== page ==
Guest Column | April 30, 2024

Early Exposure & Site Network Support Enable PI's Enduring Interest In Research

A conversation with Manish Sharma, MD, co-director of clinical research, START Midwest

Manish Sharma

Every part, parcel, and person involved in a clinical trial contributes in one way or another to the study’s execution and, hopefully, success. But principal investigators are the people who seemingly connect every activity and person to one another — whether it’s screening and enrolling patients, administering treatment and explaining it to patients and their caregivers, or understanding and abiding by regulatory requirements and sponsor expectations.

In this interview, we talked with a seasoned principal investigator whose work is dedicated solely to providing care to cancer patients in the context of Phase 1 clinical trials. Manish Sharma, MD, is the co-director of clinical research at START Midwest, a 40-person community site part of a global site network, The START Center for Cancer Research, with three U.S. sites. 

Reflecting on your career with START, what inspired you to explore clinical research? And what motivates you to continue serving as a PI?

During my oncology fellowship at the University of Chicago, I noticed a lot of the diseases in oncology don't have optimal therapies. Especially after the first or second line of treatment, we run out of options that are attractive for patients. As we learn more about the science of cancer, that opens up new avenues for treatment. We now have drugs that inhibit specific mutations in the KRAS protein like KRAS G12C, for example. We didn't have that a decade ago. Clinical trials bring those new therapies to patients and then ultimately, hopefully, improve the outcomes for them with FDA-approved and broadly available therapies.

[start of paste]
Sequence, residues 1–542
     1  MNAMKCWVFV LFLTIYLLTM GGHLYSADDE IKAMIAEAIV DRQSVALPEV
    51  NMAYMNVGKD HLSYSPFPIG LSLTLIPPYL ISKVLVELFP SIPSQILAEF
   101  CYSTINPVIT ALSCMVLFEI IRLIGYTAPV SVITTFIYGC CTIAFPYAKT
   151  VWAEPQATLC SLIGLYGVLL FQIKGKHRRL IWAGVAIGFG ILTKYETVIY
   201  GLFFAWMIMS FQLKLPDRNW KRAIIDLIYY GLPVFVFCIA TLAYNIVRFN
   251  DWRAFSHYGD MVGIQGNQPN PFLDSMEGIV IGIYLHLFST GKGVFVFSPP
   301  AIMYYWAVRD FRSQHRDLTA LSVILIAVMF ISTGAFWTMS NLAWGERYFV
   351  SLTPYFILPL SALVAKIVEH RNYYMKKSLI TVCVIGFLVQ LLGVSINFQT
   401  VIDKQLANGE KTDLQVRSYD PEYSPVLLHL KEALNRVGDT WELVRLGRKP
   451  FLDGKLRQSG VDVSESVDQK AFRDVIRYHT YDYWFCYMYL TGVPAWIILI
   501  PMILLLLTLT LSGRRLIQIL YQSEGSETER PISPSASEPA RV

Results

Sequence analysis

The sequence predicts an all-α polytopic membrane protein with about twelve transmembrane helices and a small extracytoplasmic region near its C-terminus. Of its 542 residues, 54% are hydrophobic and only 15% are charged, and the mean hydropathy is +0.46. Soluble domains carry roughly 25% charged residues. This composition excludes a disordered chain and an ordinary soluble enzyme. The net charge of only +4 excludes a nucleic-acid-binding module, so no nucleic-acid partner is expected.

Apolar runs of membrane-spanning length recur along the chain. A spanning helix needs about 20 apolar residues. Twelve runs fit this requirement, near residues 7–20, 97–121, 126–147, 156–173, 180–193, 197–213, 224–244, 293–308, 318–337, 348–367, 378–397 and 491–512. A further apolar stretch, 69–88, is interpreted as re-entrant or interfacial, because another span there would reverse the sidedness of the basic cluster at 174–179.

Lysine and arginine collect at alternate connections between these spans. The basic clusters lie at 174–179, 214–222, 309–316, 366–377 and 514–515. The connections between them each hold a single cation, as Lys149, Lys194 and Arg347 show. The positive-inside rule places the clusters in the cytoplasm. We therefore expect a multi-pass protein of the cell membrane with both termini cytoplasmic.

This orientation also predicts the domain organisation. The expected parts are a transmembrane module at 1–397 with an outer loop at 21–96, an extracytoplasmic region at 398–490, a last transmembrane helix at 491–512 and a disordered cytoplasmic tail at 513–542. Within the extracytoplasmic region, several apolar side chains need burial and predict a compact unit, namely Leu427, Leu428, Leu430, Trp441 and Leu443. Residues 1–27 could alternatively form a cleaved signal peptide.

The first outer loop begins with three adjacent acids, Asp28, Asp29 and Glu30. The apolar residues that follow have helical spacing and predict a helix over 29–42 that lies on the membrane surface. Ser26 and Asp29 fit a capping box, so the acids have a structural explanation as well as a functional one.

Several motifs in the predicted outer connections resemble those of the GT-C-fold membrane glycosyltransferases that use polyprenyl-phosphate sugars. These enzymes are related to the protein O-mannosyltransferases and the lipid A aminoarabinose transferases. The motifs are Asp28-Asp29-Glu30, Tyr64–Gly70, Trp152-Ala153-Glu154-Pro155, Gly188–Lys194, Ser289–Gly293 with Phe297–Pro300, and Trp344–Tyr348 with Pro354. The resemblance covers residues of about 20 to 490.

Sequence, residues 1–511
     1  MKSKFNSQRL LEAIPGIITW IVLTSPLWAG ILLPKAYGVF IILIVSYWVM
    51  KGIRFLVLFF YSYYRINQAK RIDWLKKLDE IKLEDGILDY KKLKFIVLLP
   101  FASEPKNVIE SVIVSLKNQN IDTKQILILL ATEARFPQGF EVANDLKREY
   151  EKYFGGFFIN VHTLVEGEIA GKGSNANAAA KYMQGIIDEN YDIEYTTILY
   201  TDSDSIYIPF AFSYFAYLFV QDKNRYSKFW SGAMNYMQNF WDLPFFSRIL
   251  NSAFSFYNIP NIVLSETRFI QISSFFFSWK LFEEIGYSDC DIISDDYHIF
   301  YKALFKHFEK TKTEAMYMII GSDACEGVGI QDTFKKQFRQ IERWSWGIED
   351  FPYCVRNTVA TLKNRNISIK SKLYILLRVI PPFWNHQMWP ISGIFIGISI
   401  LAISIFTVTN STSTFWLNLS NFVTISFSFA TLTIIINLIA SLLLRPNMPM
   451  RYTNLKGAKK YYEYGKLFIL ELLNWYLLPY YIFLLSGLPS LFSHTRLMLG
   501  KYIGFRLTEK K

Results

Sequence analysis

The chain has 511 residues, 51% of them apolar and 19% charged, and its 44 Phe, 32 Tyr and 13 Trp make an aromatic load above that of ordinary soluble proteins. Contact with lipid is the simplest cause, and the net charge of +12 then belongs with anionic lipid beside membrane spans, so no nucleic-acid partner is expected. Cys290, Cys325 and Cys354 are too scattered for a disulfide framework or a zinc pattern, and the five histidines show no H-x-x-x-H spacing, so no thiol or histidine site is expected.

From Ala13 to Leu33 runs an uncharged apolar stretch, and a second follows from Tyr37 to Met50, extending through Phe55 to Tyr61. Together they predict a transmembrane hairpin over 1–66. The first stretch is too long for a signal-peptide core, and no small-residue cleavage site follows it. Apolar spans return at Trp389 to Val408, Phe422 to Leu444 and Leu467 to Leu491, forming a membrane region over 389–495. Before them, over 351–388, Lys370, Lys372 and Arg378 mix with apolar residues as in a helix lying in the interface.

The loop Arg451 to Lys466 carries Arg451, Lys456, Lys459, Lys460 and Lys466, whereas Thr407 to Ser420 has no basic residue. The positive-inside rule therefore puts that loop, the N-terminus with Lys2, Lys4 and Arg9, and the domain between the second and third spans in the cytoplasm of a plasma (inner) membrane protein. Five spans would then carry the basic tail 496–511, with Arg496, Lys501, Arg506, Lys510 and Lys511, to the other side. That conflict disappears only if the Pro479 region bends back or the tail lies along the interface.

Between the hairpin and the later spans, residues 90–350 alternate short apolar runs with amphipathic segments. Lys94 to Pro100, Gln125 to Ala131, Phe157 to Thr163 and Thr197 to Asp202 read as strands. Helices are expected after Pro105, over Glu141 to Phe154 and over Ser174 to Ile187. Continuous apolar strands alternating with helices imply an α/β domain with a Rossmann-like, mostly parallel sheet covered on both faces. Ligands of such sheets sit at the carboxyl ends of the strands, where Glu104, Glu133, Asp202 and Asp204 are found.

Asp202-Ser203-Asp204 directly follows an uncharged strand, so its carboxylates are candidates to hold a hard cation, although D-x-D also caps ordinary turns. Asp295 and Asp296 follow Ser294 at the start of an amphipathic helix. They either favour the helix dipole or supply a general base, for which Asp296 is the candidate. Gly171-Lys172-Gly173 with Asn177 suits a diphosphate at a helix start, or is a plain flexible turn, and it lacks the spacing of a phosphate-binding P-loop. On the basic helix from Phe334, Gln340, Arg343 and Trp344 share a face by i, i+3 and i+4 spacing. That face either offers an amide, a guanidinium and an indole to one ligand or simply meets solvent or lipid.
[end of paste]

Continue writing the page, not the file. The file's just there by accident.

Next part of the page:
Phase 1 is an interesting space to do drug development because therapies are being tested in humans for the first time. I found that fascinating. I did some additional training in clinical pharmacology, learning about drugs and how they interact with the body, and then went into a subspecialty of oncology where I could use that knowledge and training. For me, the motivation was “How do we get better therapies for patients who are facing a life-threatening illness?” Phase 1 research is a great way to do that.

What was your first experience serving as a PI on a clinical trial like?

I had great mentors at the University of Chicago who taught me but also gave me opportunities. They would get approached by sponsors and would say, “I've got a lot on my plate, but I have this junior faculty member who would like to gain more experience being a principal investigator and doing Phase 1 research. Would you be open to them being the principal investigator on this study?”